About Us: Masterworks Fine Art strives to be the best source of fine art for our clients and collectors all over the world. We believe the most direct way to accomplish this is by establishing a lifetime of personal and professional relationships with our clients. More About Us »
Do you own a similar Leger to sell? We offer free evaluations.
Biography of Fernand Leger
French painter and designer. From c.1909 he participated in the Cubist movement. He is generally considered one of its major masters but his curvilinear and tubular forms (he was for a time called a 'tubist') contrasted with the fragmented forms preferred by Picasso and Braque. The First World War, during which he was gassed whilst serving as a stretcher-bearer, had a profound effect on Leger. His contact with men of different social classes and different walks of life came as a revelation: 'I was abruptly thrust into a reality which was both blinding and new,' he said. Henceforward he made it his ambition to create an art which should be accessible to all ranks of modem society.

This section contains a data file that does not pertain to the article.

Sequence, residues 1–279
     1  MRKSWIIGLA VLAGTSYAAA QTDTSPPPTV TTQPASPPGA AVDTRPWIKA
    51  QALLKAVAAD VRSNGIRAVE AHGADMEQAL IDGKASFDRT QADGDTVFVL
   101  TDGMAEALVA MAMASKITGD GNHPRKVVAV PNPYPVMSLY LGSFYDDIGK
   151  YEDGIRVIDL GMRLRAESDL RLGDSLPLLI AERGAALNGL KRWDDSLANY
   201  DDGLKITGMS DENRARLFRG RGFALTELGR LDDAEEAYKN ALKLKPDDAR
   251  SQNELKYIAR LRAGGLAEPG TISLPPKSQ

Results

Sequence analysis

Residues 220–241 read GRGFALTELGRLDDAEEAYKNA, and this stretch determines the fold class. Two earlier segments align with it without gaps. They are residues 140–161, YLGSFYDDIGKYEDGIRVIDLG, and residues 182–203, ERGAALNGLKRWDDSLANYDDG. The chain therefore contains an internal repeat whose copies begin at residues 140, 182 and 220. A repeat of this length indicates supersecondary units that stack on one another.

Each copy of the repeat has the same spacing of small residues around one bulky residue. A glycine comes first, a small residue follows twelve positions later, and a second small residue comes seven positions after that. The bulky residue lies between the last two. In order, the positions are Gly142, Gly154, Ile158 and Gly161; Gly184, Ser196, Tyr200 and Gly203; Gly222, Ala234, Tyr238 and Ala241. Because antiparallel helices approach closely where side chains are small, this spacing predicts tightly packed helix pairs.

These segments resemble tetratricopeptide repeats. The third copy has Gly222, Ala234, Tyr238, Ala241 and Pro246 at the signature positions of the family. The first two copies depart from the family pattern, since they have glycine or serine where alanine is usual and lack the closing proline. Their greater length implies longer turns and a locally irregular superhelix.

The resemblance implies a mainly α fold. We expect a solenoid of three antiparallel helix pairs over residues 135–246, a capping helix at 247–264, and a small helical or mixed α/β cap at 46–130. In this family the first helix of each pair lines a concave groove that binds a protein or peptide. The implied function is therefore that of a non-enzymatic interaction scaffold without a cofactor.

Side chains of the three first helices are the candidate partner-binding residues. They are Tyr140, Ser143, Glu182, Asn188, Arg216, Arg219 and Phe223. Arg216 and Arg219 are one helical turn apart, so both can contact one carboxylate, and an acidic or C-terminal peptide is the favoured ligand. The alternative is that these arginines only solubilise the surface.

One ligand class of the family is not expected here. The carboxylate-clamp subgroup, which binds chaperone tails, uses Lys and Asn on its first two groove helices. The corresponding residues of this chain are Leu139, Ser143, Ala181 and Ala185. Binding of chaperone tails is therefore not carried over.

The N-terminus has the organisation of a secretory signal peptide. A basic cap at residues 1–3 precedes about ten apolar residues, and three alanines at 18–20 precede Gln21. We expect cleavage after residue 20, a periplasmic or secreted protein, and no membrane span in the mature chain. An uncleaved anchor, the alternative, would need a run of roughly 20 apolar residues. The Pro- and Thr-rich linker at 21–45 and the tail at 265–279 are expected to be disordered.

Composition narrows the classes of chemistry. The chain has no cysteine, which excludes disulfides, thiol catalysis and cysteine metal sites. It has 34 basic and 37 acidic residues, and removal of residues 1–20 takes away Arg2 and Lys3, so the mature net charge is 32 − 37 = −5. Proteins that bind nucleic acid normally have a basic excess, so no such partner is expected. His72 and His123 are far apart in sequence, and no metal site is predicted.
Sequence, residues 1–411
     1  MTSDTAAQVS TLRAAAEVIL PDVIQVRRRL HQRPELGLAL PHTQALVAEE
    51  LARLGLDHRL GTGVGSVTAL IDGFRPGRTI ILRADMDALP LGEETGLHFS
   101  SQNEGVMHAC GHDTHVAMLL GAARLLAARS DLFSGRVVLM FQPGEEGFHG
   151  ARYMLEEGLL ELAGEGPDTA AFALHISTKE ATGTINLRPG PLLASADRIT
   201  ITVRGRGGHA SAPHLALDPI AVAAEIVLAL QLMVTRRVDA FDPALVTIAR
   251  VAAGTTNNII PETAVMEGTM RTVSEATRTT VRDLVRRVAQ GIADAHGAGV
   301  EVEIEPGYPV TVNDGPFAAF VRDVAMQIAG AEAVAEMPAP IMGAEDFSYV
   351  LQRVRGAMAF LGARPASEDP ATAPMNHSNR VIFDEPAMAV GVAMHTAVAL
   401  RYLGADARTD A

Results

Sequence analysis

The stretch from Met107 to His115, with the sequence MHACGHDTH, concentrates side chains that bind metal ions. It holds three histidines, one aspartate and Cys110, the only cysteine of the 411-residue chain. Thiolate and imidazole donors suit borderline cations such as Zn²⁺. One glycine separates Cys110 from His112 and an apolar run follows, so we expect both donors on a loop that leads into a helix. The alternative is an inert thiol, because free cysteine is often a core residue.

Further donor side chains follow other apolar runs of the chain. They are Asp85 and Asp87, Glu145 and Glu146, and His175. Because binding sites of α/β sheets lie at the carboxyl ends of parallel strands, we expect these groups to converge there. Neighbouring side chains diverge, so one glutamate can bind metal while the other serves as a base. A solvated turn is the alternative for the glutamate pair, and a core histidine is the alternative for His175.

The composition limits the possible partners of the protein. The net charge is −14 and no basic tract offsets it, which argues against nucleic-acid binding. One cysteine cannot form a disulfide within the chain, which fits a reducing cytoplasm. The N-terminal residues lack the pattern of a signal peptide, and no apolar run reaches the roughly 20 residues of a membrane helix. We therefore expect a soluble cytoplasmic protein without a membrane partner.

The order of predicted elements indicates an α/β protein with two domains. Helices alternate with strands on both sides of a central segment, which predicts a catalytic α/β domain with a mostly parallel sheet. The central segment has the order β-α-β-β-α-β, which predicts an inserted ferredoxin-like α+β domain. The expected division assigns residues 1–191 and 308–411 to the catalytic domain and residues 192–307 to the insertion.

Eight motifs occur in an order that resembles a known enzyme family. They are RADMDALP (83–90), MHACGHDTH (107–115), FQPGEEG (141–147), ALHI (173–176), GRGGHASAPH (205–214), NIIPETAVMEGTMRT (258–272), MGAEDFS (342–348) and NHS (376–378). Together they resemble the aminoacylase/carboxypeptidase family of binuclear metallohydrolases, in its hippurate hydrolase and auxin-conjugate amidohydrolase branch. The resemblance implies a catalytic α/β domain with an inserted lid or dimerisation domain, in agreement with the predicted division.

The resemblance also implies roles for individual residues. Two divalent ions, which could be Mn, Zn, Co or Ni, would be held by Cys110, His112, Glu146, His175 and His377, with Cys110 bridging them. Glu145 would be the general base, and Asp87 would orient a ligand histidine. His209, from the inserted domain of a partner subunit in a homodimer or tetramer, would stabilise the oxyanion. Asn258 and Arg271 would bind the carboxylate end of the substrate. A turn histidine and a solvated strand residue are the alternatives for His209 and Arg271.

In 1920 he met Le Corbusier and Ozenfant and in the early 1920s he was associated with their Purist movement. His paintings were static, with the precise and polished facture of machinery, and he had a fondness for including representations of mechanical parts.During the late 1920s and 1930s he also painted single objects isolated in space and sometimes blown up to gigantic size, In the inter-war years he expanded his range beyond easel painting, with murals and designs for the theatre and cinema. He was also busy as a teacher, notably at his own school, the Academie de I'Art Contemporain, and he traveled widely, making three visits to the USA in the 1930s. The connections he had made there stood him in good stead when he lived in America. During the Second World War he lived in the USA, teaching at Yale University, and at Mills College, California. Acrobats and cyclists were favorite subjects in his paintings of this time. From his return to France in 1945 his painting reflected more prominentlyhis political interest in the working classes. But its static, monumental style remained, with flat, unmodulated colours, heavy black contours, and a continuing concern with the contrast between cylindrical and rectilinear forms. in his later career Leger worked much on large decorative commissions, notably the windows and tapestries for the church at Audincourt (1951). Many honours came to him late in life, and a museum dedicated to him opened at Biot in France in 1957. In the catalogue of the exhibition Leger and Purist Paris' (Tate Gallery, London, 1970), John Golding wrote of Leger: 'No other major twentieth-century artist was to react to, and to reflect, such a wide range of artistic currents and movements . . . And yet he was to remain supremely independent as an artistic personality. Never at any moment in his career could he be described as a follower ... But his originality lay basically in his ability to adapt the ideas and to a certain extent even the visual discoveries of others to his own ends.' He saw the poetic value that lies in the clear delineation of everyday objects, the in trinsic beauty of modem machinery and the things which are mass-produced by machinery, and he favoured proletarian subjects, depicting them with the same clarity and precision as the themes taken from machine culture.